Unearthed pictures of the Queen and Prince Philip ‘relaxing at a picnic’ with Daphne du Maurier to be sold at auction in Ely
- Credit: ROWLEY’S
Previously unseen snaps of a youthful Queen Elizabeth and Prince Philip which were discovered in Daphne du Maurier’s estate are set to go under the hammer in Ely next month.
The pictures, which are thought to have been taken by du Maurier’s husband ‘Boy’ Browning, were found in Suffolk amongst an archive made up of around 40 years of photographs.
They document the correspondence between du Maurier, who is famous for her novels Rebecca and Jamaica Inn, and her friend Maureen Baker-Munton.
Baker-Munton became Boy Browning’s PA in the 1940s and after the war he was invited to work for Princess Elizabeth’s household as comptroller and Maureen joined him as his assistant.
One of the unearthed images shows the Queen sitting on a picnic blanket eating sandwiches with Prince Philip. Elizabeth is wearing a tartan skirt and the prince is sporting his country attire.
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The photos will be part of hundreds of lots included in the auction on Saturday, April 27 at Rowley’s auctioneers which is expected to attract interest from buyers all around the world.
Amongst the archive material is a letter written by du Maurier shortly after the Queen visited her and her husband in Cornwall in 1962.
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She said in the letter: “The Queen inside, radiant, all in white. I don’t know what was talked about; I heard sounds coming from my mouth I didn’t recognise! She was very nice though.”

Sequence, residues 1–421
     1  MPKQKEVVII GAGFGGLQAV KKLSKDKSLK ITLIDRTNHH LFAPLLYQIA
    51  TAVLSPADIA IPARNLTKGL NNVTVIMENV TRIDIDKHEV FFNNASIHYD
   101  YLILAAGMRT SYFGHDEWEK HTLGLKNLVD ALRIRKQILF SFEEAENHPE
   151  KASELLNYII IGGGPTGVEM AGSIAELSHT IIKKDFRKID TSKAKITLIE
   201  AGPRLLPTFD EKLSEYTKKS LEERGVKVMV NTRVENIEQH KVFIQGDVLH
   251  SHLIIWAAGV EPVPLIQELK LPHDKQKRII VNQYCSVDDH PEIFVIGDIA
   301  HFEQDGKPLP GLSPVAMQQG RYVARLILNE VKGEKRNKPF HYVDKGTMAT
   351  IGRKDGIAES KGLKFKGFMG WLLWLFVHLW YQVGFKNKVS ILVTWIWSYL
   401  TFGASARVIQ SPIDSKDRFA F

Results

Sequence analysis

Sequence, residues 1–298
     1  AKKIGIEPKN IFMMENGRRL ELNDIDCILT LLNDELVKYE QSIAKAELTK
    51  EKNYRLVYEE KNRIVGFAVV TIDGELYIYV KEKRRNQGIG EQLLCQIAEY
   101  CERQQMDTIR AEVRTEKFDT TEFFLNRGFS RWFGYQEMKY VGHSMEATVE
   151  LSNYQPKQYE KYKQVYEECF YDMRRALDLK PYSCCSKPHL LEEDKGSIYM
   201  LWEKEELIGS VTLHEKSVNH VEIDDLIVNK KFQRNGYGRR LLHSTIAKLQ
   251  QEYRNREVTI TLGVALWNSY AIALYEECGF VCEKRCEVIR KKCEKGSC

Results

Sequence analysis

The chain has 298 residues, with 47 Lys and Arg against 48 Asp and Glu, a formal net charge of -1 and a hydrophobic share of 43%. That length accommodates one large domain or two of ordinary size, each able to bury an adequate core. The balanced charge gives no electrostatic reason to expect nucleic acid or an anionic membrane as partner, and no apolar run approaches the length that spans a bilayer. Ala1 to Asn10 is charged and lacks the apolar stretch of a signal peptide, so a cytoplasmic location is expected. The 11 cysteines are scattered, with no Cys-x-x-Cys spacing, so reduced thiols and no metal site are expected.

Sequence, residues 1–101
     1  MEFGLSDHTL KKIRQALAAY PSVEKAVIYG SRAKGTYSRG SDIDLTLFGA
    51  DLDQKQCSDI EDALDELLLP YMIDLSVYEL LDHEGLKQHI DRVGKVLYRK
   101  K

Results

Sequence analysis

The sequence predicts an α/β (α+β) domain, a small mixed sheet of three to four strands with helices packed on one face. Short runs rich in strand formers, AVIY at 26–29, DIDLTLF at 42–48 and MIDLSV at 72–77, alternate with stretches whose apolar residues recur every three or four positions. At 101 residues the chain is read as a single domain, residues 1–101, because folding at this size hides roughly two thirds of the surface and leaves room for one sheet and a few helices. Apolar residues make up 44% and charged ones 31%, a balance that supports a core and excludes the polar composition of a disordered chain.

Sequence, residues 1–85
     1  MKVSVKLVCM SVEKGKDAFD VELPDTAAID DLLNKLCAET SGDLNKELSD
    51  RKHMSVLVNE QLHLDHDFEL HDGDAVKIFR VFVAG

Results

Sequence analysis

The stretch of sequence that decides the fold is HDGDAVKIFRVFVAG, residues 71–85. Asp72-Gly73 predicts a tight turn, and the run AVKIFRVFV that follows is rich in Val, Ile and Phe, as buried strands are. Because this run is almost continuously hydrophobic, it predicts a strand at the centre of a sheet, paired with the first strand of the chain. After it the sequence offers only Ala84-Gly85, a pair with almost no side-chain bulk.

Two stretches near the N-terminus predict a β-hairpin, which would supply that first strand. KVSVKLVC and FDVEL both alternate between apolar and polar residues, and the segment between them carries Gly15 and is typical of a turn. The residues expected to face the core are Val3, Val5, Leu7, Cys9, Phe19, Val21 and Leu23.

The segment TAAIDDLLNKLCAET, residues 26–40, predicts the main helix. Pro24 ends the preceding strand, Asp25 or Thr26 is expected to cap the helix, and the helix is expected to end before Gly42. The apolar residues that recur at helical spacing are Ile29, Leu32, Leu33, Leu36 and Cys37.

Roddy Lloyd, auctioneer and saleroom managing director, said: “This is a huge archive and we are still going through letters and photographs and making discoveries.
“These particular images, which show the Royal Family in an off-guard, relaxed mood highlight the circles in which du Maurier and Boy moved.
“I particularly love the photograph of the Queen Mother standing in a tartan skirt with a corgi behind her; her character shines through – it’s enchanting.”
Du Maurier, whose husband died in 1965, is said to have had affairs with both men and women. The couple had three children before Daphne died in Cornwall in 1989.
The sale coincides with the 30th anniversary of Du Maurier’s death.
Will Axon, Rowley’s senior auctioneer and valuer, said: “The archive is a fascinating record of Du Maurier’s life as well as her husband’s.
“Daphne’s wit of course weaves its way through the collection but her letters to Maureen also throw light on du Maurier’s sometimes strained relationship with her husband, who she nicknamed ‘Moper’ because of his depression and drink problems.
“We have seen a lot of references in the Du Maurier letters to her rather complicated relationships with friends, family and children as well as references to her writing.”
For more information, visit: www.rowleyfineart.com/the-du-maurier-collection